Back from left: Harrison, Henry, Gertrude; Front from left: Hardy, Thomas, Pearl, Amanda, Byers, Gazzie
Granny was a little girl when her Grandmother Amanda died. She said Amanda was a sweet kind old lady that everybody loved. I asked her what she died from and Granny said “She was just worn out. Having all those kids and having to raise them up just did her in.”
Granny’s mother Gazzie was the oldest of Thomas and Amanda’s children. Granny said Gazzie promised her mother when she died she’d take care of Thomas for the rest of his life and she did.
Once Amanda passed away, Gazzie and her whole family moved in with Thomas.
I thought maybe Thomas was sickly, but Granny said no he was in good health when they moved in. She went on to say “Grandpa went all over the country preaching. Preachers didn’t retire back then they just kept going till they couldn’t go no more.”
Eventually Thomas did become frail. Granny said he ate oatmeal three times a day because he had trouble eating anything else. Granny still has a few of the small dishes that came in his oatmeal containers.
I wondered aloud at the task Gazzie took on by moving in with her father, after all she had nine children of her own to take care of.
Granny said “Why Mama was so tough she could do anything. She helped Grandma with all her babies until the last one. She would have helped with that one, which was Kate, but she had Fay on the same day. Can you believe that—mother and daughter giving birth on the same day.”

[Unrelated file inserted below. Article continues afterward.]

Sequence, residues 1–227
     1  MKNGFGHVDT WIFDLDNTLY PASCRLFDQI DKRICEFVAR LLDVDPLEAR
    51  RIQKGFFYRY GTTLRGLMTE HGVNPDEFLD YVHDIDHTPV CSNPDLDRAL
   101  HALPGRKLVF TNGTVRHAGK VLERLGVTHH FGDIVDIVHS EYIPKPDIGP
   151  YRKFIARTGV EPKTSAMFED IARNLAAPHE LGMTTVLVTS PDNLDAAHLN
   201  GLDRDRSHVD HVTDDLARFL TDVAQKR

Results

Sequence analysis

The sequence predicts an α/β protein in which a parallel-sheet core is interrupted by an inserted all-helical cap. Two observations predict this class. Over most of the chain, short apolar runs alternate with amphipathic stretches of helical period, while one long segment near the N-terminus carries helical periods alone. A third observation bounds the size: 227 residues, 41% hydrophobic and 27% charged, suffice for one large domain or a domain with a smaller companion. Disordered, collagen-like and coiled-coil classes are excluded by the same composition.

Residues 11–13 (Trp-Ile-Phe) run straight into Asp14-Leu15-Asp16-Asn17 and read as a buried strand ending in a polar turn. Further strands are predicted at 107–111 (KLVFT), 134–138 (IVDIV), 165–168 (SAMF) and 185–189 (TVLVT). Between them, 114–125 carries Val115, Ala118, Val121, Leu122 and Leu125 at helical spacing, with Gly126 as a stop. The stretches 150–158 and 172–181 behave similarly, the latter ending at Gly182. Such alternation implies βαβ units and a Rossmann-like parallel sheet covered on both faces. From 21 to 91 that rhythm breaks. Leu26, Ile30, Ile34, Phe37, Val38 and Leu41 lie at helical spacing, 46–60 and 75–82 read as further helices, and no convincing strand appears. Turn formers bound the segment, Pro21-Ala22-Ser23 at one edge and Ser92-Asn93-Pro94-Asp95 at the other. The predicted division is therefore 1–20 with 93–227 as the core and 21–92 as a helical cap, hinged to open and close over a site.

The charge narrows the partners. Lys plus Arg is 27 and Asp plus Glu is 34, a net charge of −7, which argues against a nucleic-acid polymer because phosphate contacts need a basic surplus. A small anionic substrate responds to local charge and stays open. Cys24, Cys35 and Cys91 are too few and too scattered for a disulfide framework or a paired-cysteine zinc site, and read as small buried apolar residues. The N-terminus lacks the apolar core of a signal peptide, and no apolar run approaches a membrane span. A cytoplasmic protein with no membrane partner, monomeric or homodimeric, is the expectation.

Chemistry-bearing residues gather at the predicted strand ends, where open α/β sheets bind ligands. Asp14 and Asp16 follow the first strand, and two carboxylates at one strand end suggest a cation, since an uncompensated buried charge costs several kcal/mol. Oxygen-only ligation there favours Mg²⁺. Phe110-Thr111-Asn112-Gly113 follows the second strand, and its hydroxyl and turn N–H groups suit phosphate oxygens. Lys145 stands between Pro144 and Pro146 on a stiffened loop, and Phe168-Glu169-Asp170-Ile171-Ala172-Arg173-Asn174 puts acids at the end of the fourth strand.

Thomas died in 1965 the same year Pap and Granny had their first child, my older brother Steve.
*The Reverend Thomas W. and Amanda Hyde Truett Family
Come cook with me!
MOUNTAIN FLAVORS – TRADITIONAL APPALACHIAN COOKING
Location: John C. Campbell Folk School – Brasstown, NC
Date: Sunday, June 23 – Saturday, June 29, 2019
Instructors: Carolyn Anderson, Tipper Pressley
Experience the traditional Appalachian method of cooking, putting up, and preserving the bounty from nature’s garden. Receive hands-on training to make and process a variety of jellies, jams, and pickles for winter eating. You’ll also learn the importance of dessert in Appalachian culture and discover how to easily make the fanciest of traditional cakes. Completing this week of cultural foods, a day of bread making will produce biscuits and cornbread. All levels welcome.
Along with all that goodness Carolyn and I have planned a couple of field trips to allow students to see how local folks produce food for their families. The Folk School offers scholarships you can go here to find out more about them. For the rest of the class details go here.